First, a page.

Meet the trailblazers for women in ad tech as well as their stories, the challenges they face and how they have learned to adjust to a male-centered culture.
Thirty years ago, Susan Credle occupied the absolute bottom of the corporate hierarchy at the BBDO ad agency. She took over for receptionists when they had to leave their desks — a secretary’s understudy and so-called “bathroom break girl.” These days, she’s responsible for a lot more than temporary typing. Anyone who has seen an M&M ad featuring anthropomorphic candies or one of Allstate’s “Mayhem” ads is familiar with her work as creative director.
Alongside her ascent are hundreds of other women in the advertising industry, but they are still having trouble breaking through into advertising technology. Only 2.9% of ad tech CEOs are female, a lower figure than the 4.8% of Fortune 500 CEOs who are women. The barriers to entry include a complex cocktail of inertia, bias and a lack of visibility.
As more women seek to enter the Science, Technology, Engineering and Mathematics (STEM) field and participate in the traditionally male-dominated corporate society, ad tech represents a rare combination of the two. Women who enter this field are more than trailblazers; they are inventing new types of trails as they go.
Signs of Ascent
Overall, the landscape of women in ad tech is looking much more positive these days than even just a few years ago. At Annalect, more than half of our overall hires this year have been women. There are even a few anomalies, such as Australian ad tech firm Innovid, where the women outnumber the men. When asked about what it takes to be a female leader in the digital arena, Innovid Managing Director Gillian Kane responded, “Grit. You have to be committed and passionate about the medium. You need to look at every day as a new experience.”
Other positive portents include the visibility of women CEOs like Drawbridge’s Kamakshi Sivaramakrishnan. She began her unconventional career path as a planetary scientist whose PhD work contributed to a NASA New Horizons mission.
She then joined a mobile advertising company that was later acquired by Google before moving on to found Drawbridge. These days, she focuses not just on the quality of work she puts out but also on how her decisions may appear to others.
“One of my professors at Stanford said: ‘Remember, as one of the few people of your type — women engineers — you stand out. You stand out when you do well and you stand out when you underperform because there’s so few of you. People remember you even if you mess up.’ And that’s stuck with me for the last 10 years,” Sivaramakrishnan.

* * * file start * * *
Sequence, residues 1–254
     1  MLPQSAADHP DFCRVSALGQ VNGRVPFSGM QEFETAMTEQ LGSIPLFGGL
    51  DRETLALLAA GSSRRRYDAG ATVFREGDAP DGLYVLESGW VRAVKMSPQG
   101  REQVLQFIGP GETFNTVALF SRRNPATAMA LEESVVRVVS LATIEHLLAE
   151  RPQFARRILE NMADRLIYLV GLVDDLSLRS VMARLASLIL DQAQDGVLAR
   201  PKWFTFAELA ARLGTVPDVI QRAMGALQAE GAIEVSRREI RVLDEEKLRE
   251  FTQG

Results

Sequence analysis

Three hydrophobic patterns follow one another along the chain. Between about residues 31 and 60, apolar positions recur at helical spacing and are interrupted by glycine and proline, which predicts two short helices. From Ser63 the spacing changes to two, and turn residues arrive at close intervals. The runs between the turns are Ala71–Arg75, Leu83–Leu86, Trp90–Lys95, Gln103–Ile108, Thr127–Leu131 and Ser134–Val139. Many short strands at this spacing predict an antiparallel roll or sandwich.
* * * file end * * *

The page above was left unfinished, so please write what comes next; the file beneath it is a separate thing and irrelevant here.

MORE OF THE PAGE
Another example of a woman CEO, who understands all things data and tech, is right here at Annalect. Erin Matts, previously Annalect’s Chief Marketing Officer, was recently promoted to lead as CEO, North America. In this role, Erin focuses on translating media and ad technology into data-driven strategies that help clients to communicate on a one-to one basis with their customers.
However, the very nature of challenging paradigms can often make others feel threatened or defensive. Digiday notes that women in leadership roles “are more likely to be seen by men as bossy or aggressive than as strong leaders,” an observation that Susan Credle shares. “I still to this day, when I feel the blood boiling in me and I just want to let it all out, I cut it by 90 percent because I’m a woman.”
A Bright Future for Women in Ad Tech?
In total, women make up around 14% of CIOs and 16% of the entire tech industry, according to Women of Silicon Valley Roundabout organizer Maddox Events. The importance of increasing this number cannot be overstated. “Diversification promotes innovation and, with the importance of technology and the unyielding growth of the digital economy, perceptions need to be changed,” asserts Exchange Wire’s Lindsay Rowntree.
Luckily, progress builds off of progress, so the female pioneers who have planted the seeds in their industry will only help change get easier. “The goal was always to find and hire the best possible candidates,” Adelphic co-founder and chief strategy officer Jennifer Lum tells Digiday. “We’ve just done a better job of casting a broader net.”